The Vigilant Robot

a watchful eye of creative complexity

Tag Archives: gaza

Rise Up! Don’t Shoot!

Too much has been going on in the world. Too much. I am so angry. Too angry to even put the feelings into words. I am sick and tired of arguing that institutional racism actually exists; I am tired of trying to convince others that black people are human beings, especially to other people of color. It’s nauseating and tiresome. I can’t imagine what it is like for black people walking about this life every day knowing there is someone out there who fears them simply because they are black. How much time must they spend proving that their lives matter? Why do they even need to spend time proving such a thing? Black lives matter. Really! I don’t even understand how anyone can see it any other way. I supposed it must be similar to how I have to try and convince others that Palestinian lives matter—that we are not terrorists and that we have feelings and desires similar to everyone else.

Stop blaming the victims. When a group of people is segregated into an area, denied resources and opportunities, is harassed, has violence committed against them, is portrayed as uncivilized human beings unworthy of life, and is oppressed for decades upon decades, or centuries upon centuries, resistance is justified. The oppressed are not to blame because they rise up, become full of rage, and at times, snap into violence. I am tired of people ignoring the systematic racism that is the root of all of these issues. From Ferguson to Gaza, USA to Palestine, Native Americans to Black South Africans, and on and on. The issues are not completely the same, but are they oh so similar and quite connected.

It’s not enough to be angry. Time and time again we are angry. We rise up angry. We demand human rights. We demand civil rights. And then we are placated. We are pacified and soothed by our temporary stint of outrage and perhaps our lack of hope in any change and time to make it happen. It seems that in this country, the good old USA, change will only occur once every last person is in the street, when even the most well off person has become touched by the horrid nature of this world, has personally become affected by the oppressions running through the streets.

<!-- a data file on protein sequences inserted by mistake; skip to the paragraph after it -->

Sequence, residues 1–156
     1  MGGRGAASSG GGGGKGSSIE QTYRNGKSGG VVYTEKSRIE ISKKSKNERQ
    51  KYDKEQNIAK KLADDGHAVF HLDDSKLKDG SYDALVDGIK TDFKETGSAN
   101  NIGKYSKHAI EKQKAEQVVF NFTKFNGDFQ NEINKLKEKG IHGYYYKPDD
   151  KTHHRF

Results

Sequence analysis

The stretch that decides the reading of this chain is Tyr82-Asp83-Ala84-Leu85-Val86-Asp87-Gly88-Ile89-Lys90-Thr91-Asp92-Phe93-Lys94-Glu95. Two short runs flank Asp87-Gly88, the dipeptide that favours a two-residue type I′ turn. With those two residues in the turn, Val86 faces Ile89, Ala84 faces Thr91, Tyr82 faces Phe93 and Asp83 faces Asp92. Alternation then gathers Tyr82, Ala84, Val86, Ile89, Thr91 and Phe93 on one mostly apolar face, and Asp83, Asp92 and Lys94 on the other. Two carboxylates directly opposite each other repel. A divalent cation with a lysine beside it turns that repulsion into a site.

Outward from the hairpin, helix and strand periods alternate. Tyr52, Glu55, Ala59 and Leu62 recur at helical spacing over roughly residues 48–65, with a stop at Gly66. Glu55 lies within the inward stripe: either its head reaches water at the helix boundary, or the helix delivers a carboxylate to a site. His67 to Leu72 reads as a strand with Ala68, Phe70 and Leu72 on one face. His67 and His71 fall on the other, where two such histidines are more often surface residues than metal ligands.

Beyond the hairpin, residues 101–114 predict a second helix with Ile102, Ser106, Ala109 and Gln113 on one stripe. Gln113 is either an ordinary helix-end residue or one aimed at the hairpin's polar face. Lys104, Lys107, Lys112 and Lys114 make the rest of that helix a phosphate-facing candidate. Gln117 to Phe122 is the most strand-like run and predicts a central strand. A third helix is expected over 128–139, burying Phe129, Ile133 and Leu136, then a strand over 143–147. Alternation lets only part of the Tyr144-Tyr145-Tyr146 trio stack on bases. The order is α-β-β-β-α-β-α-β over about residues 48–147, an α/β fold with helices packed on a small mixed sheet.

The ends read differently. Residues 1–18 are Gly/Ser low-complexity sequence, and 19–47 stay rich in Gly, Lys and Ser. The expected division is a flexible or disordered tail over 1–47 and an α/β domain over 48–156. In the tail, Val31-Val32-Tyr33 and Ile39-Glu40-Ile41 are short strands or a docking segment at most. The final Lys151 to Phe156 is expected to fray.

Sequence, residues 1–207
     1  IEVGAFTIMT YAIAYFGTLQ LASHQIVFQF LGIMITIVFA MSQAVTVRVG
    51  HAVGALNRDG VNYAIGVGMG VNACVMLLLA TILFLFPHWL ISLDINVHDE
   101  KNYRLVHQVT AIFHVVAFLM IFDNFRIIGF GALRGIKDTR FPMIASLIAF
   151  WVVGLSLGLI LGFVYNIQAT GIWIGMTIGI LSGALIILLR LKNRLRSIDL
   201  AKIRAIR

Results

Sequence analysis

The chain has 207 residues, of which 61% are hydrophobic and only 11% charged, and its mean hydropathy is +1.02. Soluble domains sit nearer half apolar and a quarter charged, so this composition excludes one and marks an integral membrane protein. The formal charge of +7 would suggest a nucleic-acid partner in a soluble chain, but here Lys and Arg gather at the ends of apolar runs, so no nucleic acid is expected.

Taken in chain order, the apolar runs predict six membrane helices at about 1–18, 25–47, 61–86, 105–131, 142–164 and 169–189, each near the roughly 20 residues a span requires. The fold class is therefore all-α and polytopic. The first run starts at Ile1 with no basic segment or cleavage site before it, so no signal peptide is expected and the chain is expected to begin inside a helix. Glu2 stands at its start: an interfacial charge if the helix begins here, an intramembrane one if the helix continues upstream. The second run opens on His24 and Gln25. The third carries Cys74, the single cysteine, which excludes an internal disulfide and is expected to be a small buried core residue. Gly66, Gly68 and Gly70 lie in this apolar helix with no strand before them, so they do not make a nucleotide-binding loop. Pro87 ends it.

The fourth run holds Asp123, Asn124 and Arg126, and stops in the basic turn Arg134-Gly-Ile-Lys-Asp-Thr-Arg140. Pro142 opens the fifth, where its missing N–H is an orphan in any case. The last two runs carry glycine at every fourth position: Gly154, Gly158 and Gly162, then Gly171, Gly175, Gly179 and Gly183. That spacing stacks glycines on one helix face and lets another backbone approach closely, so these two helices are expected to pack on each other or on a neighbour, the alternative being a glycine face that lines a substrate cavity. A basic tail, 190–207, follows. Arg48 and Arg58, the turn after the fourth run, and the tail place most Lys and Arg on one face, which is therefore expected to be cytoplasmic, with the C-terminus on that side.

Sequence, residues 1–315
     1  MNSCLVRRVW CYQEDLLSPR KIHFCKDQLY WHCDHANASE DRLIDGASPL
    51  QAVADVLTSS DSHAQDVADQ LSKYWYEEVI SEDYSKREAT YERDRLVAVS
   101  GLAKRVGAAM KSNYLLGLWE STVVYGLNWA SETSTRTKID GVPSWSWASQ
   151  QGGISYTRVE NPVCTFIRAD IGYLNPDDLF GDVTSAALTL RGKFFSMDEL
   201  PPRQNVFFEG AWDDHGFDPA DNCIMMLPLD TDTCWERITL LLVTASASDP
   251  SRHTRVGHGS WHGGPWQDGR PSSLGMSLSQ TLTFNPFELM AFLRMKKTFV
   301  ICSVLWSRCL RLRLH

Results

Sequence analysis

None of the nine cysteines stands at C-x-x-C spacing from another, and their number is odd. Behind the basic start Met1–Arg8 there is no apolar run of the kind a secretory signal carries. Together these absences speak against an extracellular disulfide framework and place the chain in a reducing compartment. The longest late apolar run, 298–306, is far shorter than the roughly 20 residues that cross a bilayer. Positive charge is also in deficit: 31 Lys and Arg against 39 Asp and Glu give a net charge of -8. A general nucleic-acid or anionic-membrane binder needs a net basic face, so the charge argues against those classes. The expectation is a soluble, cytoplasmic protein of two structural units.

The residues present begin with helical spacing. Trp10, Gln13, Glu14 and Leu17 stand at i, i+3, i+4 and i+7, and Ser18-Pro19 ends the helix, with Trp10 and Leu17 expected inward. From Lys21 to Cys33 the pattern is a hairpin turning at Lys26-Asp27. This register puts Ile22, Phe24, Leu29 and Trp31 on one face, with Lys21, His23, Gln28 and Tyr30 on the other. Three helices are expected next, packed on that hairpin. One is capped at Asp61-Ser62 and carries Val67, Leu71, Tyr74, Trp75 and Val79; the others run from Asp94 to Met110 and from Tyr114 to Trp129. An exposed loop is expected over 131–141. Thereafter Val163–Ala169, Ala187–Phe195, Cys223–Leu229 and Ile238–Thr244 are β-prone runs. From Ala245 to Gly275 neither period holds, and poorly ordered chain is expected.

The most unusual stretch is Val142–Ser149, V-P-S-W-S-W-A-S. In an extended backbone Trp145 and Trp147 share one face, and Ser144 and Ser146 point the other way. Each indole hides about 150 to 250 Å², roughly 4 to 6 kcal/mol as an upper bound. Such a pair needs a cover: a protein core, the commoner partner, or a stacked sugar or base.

We do not need to wait for the day, however. We all must act now and act every day. Enough is enough. How many Mike Browns or Oscar Grants or Renisha McBrides or Trayvon Martins have to perish before we realize something is incredibly wrong? What has changed since the Civil Rights Movement? It seems like nothing has changed except for the blinds that have been put over people’s eyes to make them believe in the guise of a “post-racial society.” Well, wake up! That world does not exist.

So many images coming out of Ferguson are scary and depressing, yet they are also inspiring. These protestors are standing their ground in the face of a heavily militarized police force, one that calls these brave black souls “animals.” What is happening—and has been happening for decades—is disgusting. It needs to stop. We need justice for all lives. All life matters. I hope the rage coming out of Ferguson spreads to the entire country. It it way past due. Let this rage consume us all.

_____

Inspired by the events in Ferguson, the courageous people in that community, and the last moments of Michael Brown, I sketched “Don’t Shoot” in a way that contrasts the terrible elements of those moments yet flows with hope. 

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dontshoot

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To Love You, Oh Gaza

Oh Gaza,

I have nothing to say. No words can speak the reality you live; no adjectives can comprehend the bombs that fall on you every day; no nouns are effective enough to label the terror inflicted upon you. Too many destructive verbs are assaulting you, yet you survive. You persevere. You are the epitome of resilience. You are pain and sorrow; yet, you are beauty and joy.